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Bill St. Arnaud is a R&E Network and Green IT consultant who works with clients on a variety of subjects such as the next generation research and education and Internet networks. He also works with clients to develop practical solutions to reduce GHG emissions such as free broadband and dynamiccharging of eVehicles (See . View my complete profile

Tuesday, June 19, 2007

Why new network business models and architectures are critical

[The following web sites point to some of the challenging problems facing users and application providers in trying to deliver innovative solutions over the current broadband last mile Internet architecture. Despite all the advances in Internet technology, Moore's law, routers, optical switches, etc the current Internet is still riding on an infrastructure that was designed over 100 years in the case of DSL/telephone and over 40 years ago in the case of cable. Not only is this tree and branch architecture outdated, the resulting business model is fundamentally shaped and distorted by the design assumption in that architecture.

The Internet architecture for the long haul and enterprise markets has been radically reshaped over the past decade because of rigorous competition. Many large enterprises multi-home to several competitive providers and also do their own direct remote peering because of the availability of dark fiber in most metro markets. As a result companies with new competitive business models largely dominate the enterprise Internet market such as Level3, Cogent, Equinix, etc.

In the last mile it is a different story.

Cablecos and Telcos are now wrestling with the data deluge of Internet video distribution over their networks whether P2P or HTTP. Many have quietly and surreptitiously implemented various policing and shaping mechanisms to limit the growth of this traffic. Although it is applied on a non-discriminatory basis in terms of the customer or the provider, most cablecos and telcos still don't understand the broader implications in terms of network neutrality and are surprised when the public takes umbrage at such tactics. This is especially true when they block VoIP over cell phones.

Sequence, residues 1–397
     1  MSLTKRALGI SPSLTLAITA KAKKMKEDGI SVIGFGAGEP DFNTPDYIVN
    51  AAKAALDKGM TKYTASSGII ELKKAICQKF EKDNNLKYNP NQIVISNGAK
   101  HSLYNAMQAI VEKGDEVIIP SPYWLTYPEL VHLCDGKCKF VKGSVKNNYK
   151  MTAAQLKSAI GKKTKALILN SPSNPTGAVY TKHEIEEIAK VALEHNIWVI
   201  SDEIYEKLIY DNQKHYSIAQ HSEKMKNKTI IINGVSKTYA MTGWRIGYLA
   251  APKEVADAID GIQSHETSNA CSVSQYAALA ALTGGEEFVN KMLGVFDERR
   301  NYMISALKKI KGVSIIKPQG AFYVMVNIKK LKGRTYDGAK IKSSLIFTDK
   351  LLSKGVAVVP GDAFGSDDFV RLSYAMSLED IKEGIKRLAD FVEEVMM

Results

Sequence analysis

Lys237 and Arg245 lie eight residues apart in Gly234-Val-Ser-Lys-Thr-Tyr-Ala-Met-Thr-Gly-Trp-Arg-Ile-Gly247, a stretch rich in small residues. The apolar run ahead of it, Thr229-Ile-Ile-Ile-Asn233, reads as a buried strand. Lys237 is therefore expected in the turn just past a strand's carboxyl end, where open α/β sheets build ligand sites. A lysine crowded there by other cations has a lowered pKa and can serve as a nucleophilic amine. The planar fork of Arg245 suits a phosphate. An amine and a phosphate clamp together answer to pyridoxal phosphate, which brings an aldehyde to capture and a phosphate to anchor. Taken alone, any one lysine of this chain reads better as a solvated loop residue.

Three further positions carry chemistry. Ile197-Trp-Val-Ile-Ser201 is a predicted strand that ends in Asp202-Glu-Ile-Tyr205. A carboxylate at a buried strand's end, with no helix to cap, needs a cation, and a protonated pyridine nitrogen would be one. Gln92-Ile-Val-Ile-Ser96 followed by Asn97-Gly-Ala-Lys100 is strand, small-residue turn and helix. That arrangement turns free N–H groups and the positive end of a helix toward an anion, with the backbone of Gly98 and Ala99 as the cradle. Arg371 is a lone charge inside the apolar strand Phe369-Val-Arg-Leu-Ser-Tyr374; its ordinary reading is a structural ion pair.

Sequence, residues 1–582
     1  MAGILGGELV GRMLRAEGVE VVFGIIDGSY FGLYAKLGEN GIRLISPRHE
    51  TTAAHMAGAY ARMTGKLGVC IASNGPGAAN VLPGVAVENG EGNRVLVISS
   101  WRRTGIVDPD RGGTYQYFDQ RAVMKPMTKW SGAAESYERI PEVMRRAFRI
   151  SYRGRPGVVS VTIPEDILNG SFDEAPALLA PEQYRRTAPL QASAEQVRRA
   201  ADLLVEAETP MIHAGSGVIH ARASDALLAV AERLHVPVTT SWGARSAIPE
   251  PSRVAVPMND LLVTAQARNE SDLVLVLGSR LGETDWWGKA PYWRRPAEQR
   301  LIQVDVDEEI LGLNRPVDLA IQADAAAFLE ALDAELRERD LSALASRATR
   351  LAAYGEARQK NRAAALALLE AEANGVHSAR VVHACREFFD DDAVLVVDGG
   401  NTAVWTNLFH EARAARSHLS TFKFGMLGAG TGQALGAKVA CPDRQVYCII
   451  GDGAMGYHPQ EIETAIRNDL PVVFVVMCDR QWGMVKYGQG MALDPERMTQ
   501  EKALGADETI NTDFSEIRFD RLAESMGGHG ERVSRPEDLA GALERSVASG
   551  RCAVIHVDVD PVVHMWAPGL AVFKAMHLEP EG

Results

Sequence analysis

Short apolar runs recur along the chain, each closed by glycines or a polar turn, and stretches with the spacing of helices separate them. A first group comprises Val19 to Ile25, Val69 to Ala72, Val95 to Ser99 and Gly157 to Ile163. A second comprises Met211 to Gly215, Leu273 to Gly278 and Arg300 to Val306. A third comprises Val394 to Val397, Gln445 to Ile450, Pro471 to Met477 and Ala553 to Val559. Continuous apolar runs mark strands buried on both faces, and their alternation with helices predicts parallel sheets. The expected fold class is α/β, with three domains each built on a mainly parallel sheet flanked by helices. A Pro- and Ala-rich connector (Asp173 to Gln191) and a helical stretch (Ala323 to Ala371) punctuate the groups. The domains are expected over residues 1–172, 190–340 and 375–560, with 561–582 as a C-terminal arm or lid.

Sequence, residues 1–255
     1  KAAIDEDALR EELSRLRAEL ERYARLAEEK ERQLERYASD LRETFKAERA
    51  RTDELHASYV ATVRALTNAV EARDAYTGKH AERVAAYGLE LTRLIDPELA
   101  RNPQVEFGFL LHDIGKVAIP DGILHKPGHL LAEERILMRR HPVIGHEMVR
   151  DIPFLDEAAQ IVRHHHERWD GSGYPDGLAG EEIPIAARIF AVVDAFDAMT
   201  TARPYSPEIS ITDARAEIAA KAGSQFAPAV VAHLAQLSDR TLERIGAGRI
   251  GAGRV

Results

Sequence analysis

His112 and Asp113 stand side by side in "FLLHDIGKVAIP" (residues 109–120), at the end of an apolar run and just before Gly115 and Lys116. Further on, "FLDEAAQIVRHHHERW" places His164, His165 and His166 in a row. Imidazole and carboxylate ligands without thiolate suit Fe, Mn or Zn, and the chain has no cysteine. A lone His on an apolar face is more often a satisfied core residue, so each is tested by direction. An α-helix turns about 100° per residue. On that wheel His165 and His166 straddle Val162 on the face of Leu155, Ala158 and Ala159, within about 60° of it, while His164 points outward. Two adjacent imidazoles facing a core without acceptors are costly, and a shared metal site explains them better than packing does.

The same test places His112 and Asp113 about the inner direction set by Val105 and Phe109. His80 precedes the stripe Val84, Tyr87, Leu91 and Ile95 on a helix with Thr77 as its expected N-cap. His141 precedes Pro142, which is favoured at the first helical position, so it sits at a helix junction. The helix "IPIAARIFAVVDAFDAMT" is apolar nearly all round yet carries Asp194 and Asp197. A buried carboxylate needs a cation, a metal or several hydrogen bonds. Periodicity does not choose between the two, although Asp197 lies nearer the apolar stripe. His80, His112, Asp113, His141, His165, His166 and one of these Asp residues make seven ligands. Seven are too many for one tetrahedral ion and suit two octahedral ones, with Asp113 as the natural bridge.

The final frontier is the last mile architecture to our neighborhoods and homes. I am pleased to see that Australia is taking a proactive step in this direction with their recent $AUS 2 billion broadband announcement and the formation of an open committee to specify the FTTN architecture.

I have always argued that university/research community needs to take a more proactive role in both the research and, more importantly, the deployment of alternative last mile architectures. GENI (and the European equivalent PAN) is a critical step on the technology research side. But we also need new examples of actual deployments and business models. I know of a couple universities that plan to build virtual 3G wireless networks so that students will be free to integrate WiFi and pico-cells with their regular cell phones and also be free to develop new applications and services without getting permission of the underlying wireless provider. A couple of institutions are also exploring innovative last mile broadband networks for their universities and dormitories, and be liberated from the bandwidth limiting tyranny of either the service provider or the campus CIO -- BSA]

From Dewayne Henrdick's list
From: Ken DiPietro

Will carriers spoil the online video party?

BBC story on the Internet is being overloaded

From Dewayne Hendricks list
Early adopters want Wi-Fi mobile phones, T-Mobile wants to kill VOIP


Research firm In-Stat reports that there’s a substantial market niche
for Wi-Fi enabled mobile phones:

A recent survey of US early adopters found that almost half of those
respondents plan to replace their cell phones want Wi-Fi capability.
To meet the growing demand, there is an avalanche of dual-mode phones
in the pipeline. By the end of this year, the Wi-Fi Alliance will
have certified more than 100 different models of Wi-Fi/cellular
phones . . . widespread Wi-Fi deployment and the variety of Wi-Fi/
cellular handsets offers Wi-Fi/Cellular based systems a significant
head-start in the market,” says Allen Nogee, In-Stat Principal
Analyst. “Other technologies, such as WiMAX and Ultra Wideband, are
also poised to enter the handset market, but Wi-Fi fills a unique
niche that WiMAX and UWB cannot match.”

An alternate architecture for university dormitory networks